Words and illustrations by Jenni Mazaraki
What is it that you do well? That thing that comes so easily to you that people are always saying, “Oh you’re so good at that!” You know, that thing that you do so easily that you are maybe a little bit confused as to why anyone else would find it so difficult to master?
I’m talking about the thing that maybe defines you just a little bit without you realising. Do you make it known to others that you are good at it, or do people recognise it easily?
I never used to sign my own artwork. It felt weird. Pretentious. Showy. I’d be apologetic about my art, making excuses whenever I was complemented. In the past I’ve felt apologetic about being creative. It felt as though I was wasting time on the job when I focussed on creative elements in my work.
Then I studied graphic design and there was no room for apologetic designers. You stated your case, briefly, succinctly, intelligently. You showed why your idea was effective, you discussed your work positively and created good feelings around it. You showed your expertise and helped clients see the value in your designs.
Confidence was key.
Maybe for others it was easy to talk about their designs, but I had to learn to do it. In my final year, I took my folio around to the design studios in Melbourne and learned the skill of showing my work with pride and enthusiasm.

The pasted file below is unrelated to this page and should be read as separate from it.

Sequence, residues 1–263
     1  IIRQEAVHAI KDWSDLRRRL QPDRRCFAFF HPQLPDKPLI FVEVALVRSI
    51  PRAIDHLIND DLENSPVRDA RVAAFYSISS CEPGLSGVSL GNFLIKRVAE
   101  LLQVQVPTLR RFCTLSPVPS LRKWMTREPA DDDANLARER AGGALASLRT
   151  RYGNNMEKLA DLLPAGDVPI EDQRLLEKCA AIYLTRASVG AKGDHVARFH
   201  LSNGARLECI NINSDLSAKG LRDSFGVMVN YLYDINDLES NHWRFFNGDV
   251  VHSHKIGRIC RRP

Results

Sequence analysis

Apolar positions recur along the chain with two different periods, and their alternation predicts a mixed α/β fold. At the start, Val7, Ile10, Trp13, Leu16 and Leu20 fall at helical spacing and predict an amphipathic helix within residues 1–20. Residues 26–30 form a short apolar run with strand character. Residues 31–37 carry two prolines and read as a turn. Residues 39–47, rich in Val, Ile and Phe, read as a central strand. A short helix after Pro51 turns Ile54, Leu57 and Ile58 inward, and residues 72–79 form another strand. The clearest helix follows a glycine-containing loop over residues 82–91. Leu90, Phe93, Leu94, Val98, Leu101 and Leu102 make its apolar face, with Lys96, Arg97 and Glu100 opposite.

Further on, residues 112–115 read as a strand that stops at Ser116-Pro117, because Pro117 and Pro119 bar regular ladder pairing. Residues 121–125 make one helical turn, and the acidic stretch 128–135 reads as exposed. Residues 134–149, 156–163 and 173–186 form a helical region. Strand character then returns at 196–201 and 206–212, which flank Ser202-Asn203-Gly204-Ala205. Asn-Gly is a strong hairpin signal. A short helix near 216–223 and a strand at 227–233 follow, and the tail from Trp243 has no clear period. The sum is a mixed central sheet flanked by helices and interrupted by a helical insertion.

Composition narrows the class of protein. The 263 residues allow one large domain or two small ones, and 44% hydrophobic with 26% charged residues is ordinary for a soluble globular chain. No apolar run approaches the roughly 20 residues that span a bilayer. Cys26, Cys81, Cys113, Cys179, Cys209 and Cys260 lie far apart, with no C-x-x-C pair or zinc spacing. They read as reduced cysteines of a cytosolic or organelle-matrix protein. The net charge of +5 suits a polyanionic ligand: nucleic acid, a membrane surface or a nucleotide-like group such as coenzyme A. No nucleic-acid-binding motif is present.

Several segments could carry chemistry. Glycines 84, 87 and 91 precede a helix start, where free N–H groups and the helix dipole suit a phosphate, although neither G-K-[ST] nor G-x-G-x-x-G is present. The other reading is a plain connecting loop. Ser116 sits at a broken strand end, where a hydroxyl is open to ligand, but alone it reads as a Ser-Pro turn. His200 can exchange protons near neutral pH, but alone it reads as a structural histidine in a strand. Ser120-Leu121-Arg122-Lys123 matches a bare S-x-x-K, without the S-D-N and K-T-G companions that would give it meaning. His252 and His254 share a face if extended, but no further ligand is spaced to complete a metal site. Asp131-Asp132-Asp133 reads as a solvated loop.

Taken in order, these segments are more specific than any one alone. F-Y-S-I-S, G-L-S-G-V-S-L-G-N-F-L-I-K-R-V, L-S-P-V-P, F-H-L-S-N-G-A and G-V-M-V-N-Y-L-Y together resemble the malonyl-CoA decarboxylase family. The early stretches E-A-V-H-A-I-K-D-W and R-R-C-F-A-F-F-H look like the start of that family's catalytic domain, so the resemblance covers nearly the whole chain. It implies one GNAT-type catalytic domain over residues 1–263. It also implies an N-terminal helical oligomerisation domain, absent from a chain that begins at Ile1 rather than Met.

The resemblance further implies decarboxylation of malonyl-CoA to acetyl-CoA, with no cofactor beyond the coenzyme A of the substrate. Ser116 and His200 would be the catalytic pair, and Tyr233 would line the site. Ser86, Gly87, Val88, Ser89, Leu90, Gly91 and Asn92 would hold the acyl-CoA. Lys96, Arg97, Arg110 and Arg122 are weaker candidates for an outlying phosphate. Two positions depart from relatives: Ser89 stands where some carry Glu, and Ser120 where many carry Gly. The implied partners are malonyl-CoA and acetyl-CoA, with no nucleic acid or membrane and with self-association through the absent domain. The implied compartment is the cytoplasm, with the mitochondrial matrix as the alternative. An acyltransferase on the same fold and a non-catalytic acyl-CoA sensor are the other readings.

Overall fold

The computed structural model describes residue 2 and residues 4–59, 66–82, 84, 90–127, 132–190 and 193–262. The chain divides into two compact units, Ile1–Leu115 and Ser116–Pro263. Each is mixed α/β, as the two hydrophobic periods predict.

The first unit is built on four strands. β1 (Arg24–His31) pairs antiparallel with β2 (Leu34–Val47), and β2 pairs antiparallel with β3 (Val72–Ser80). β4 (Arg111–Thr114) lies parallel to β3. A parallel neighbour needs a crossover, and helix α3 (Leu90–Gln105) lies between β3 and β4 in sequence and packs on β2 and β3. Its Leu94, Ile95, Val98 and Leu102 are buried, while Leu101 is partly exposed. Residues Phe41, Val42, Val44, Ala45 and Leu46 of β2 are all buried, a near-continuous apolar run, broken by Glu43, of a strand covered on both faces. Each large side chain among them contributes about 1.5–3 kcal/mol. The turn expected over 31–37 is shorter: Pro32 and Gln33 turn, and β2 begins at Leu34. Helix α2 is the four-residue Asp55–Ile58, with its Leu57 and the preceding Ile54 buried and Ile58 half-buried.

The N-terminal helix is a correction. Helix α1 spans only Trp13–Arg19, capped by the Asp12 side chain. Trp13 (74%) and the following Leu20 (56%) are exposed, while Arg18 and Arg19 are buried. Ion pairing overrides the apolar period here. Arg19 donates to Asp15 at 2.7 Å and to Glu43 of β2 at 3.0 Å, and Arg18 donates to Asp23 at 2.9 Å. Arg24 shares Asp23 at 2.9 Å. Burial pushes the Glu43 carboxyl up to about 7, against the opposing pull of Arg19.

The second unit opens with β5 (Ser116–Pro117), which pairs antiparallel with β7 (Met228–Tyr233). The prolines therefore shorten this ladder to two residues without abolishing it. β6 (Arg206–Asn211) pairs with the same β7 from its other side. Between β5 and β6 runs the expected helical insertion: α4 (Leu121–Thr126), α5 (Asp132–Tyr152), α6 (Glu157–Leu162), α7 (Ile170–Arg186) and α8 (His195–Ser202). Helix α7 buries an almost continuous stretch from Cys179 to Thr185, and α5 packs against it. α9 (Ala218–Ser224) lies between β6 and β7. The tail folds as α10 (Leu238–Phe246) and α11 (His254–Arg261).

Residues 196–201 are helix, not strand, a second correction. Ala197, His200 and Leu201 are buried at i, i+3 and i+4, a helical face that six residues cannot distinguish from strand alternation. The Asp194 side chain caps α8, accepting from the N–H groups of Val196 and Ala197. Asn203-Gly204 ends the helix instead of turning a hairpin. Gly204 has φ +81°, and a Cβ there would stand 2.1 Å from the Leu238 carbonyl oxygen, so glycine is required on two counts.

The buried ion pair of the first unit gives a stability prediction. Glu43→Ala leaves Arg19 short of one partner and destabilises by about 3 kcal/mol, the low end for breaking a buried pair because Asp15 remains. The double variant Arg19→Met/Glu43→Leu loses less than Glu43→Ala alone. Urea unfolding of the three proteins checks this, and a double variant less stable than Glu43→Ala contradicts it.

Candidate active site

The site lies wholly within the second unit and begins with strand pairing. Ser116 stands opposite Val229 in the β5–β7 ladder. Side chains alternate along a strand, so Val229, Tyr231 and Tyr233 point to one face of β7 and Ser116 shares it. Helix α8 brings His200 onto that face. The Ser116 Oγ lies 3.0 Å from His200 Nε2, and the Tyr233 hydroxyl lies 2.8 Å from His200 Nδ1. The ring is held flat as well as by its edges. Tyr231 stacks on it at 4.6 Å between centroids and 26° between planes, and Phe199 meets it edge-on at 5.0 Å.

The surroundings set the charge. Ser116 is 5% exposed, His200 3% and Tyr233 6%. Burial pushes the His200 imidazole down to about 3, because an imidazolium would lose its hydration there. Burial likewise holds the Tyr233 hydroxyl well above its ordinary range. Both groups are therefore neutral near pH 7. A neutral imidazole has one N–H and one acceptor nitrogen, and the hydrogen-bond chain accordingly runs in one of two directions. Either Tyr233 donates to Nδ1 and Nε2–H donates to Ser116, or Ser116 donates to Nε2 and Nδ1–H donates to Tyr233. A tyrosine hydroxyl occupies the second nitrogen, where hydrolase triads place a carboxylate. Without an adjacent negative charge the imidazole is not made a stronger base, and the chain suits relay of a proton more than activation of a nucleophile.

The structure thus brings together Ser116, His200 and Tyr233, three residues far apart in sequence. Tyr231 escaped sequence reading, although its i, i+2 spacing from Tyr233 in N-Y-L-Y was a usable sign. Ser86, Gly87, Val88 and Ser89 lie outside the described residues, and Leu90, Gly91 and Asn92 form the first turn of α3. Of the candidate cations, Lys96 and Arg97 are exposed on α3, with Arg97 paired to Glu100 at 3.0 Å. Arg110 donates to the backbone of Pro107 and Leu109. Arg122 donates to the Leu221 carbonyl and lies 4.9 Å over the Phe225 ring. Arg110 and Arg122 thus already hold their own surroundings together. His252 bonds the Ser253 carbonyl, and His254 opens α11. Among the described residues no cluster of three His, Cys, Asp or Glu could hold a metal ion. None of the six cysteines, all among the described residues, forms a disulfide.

I began to enjoy sharing my ideas with people. The creative exchange led me to pursue directions I hadn’t considered. I understood the value of signing my work to maintain ownership over my designs, understanding copyright laws as well as the unspoken etiquette amongst designers of acknowledging another designer’s work and influence.
I learned that I had to let people know what I was good at so that they knew they could count on me if they needed a designer with a particular set of skills. It wasn’t about being showy or arrogant. It was business.
Now I don’t have time to be apologetic about my work. If I’m happy about something I do, I’ll say so. If something isn’t quite what I’d hoped, I learn and move on. So I encourage you to not be apologetic about your art. Not everyone is going to like it, but apologising for it is not your job.
Valuing your work shows value for the work of other artists and designers. Undervaluing your skills and services not only undervalues your work, but also undercuts other creative services.
So when there are times in your life that you feel a bit lost about your creative purpose, it may help to remember this:
If you don’t know what to do, do what you know.
This is what I think about when I lose focus and forget what my strengths are. I go back to drawing, to writing and design. I make art for pleasure instead of profit and then I remember what I’m good at. It helps get me back on track. And I am not bashful or apologetic. Creativity is my strength. What is yours?
(Feature image: House in a serviette holder by Jenni Mazaraki.)